Washington, 28 January 1998 (RFE/RL) - The controversy surrounding U.S. President Bill Clinton's White House was ignored today as members of the U.S. Congress and other dignitaries gave Clinton an enthusiastic reception to what was probably the most intensely scrutinized speech of his political career.
Members of the House of Representatives and the Senate applauded loudly and Clinton supporters cheered heartily as the president walked through the House chamber to deliver what is called the State of the Union Address.
It's a report every president must make to Congress annually, but Clinton's 1998 address comes as he faces what's being called the gravest crisis of his presidency -- allegations that he told a former White House aide to lie about an extra-marital affair the aide claims she had with the president.
Clinton denies the claim that he had sex with the woman and denies the accusation that he told her to lie. The allegation that Clinton told the woman to lie is being investigated by a special government prosecutor and it could lead to criminal charges against him.
He did not mention the controversy. Instead, Clinton followed the traditional state of the union format and presented his domestic and foreign policy goals for the year. Clinton's speech, which was interrupted several times by applause, took him one hour and 27 minutes to deliver.
One of the bursts of applause came when Clinton delivered a blunt warning to Iraq's President Saddam Hussein. He told Saddam that he cannot defy the will of the world and said Saddam will be denied the capacity to use weapons of mass destruction.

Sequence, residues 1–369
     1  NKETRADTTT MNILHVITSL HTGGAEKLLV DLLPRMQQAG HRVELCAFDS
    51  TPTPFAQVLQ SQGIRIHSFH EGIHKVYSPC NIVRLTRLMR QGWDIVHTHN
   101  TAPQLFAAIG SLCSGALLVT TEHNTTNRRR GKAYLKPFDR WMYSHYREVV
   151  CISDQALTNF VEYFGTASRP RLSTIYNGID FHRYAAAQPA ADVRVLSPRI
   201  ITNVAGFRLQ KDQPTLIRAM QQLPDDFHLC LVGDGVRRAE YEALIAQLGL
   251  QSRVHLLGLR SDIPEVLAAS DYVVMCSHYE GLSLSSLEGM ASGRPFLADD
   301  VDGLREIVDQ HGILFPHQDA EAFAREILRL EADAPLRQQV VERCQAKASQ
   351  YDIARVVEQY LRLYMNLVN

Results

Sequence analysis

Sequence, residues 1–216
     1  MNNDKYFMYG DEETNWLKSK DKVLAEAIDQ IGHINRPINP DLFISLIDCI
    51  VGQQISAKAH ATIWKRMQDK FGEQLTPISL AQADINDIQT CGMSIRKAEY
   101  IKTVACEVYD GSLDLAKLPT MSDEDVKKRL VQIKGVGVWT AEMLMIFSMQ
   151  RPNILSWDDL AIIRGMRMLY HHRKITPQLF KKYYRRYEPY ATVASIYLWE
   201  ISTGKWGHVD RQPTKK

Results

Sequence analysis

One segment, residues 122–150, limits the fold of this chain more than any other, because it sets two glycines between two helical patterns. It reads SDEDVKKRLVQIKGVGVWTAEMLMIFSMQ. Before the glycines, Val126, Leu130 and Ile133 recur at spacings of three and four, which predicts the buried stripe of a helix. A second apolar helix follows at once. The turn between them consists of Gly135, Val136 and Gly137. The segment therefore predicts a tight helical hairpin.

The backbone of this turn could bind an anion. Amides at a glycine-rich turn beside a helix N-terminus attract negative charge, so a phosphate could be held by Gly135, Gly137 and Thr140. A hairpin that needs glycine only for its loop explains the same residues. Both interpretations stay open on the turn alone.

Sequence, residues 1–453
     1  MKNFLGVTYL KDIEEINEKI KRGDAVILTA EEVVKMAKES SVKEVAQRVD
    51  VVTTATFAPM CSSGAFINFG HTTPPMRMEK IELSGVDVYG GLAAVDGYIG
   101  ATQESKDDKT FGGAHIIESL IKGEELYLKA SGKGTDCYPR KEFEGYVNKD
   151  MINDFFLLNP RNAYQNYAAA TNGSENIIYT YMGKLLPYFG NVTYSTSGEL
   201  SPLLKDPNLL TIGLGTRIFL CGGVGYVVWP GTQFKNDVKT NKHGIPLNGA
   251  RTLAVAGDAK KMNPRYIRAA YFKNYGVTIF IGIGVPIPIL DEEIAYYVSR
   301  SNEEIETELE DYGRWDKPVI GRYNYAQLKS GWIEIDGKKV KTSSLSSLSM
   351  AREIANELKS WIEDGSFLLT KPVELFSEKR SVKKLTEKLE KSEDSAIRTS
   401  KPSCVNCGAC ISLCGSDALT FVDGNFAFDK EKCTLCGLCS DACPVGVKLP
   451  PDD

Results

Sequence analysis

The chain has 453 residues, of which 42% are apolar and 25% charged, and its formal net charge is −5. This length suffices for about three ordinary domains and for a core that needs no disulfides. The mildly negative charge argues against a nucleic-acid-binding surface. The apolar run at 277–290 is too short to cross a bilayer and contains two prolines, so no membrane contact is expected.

The U.S. president said he was speaking for every member of the U.S. Congress from both major political parties -- Democrats and Republicans -- as well as for his administration.
Clinton did not say specifically what would happen if Saddam Hussein continues to defy United Nations resolutions imposed in the wake of Iraq's defeat in the Gulf War in 1991. Iraq is refusing to permit UN weapons inspectors to monitor the required destruction of its arsenal of weapons of mass destruction and its facilities for building such weapons.
However, to sustained applause, Clinton said the U.S. and the international community "are determined to deny" Saddam Hussein the capacity to use weapons of mass destruction again.
In his 1998 foreign policy agenda, Clinton first called for reinforcement of the International Monetary Fund to enable it to handle financial crises in the world.
Clinton said the American economy is sound and strong, but he said the economic turmoil in Asia will have an impact on all the world's economies. The president said no nation can recover if it does not reform itself. However, he added that, "when nations are willing to undertake serious economic reform, we should help them to do it." The U.S. commitment to the International Monetary Fund is about 18,000 million dollars and Congress must approve the appropriation.
Next, Clinton called for swift action by the 100-member U.S. Senate to approve the expansion of the NATO military alliance into Central and Eastern Europe. NATO has invited the Czech Republic, Hungary and Poland to join. The legislatures of NATO's current 16 members must ratify the necessary changes to the NATO treaty. In the U.S., two-thirds of the Senate must approve.
Said Clinton: "For fifty years, NATO contained Communism and kept America and Europe secure. These three formerly Communist countries have said "yes" to democracy. I ask the Senate to say yes to them -- our new allies." Clinton said that by taking in new members and working closely with Russia and Ukraine, "NATO can help to assure that Europe is a stronghold for peace in the 21st Century." Senate Foreign Relations Committee Chairman Jesse Helms (R-North Carolina) has already promised Clinton he will support ratification of the NATO treaty and work for its approval in the full Senate.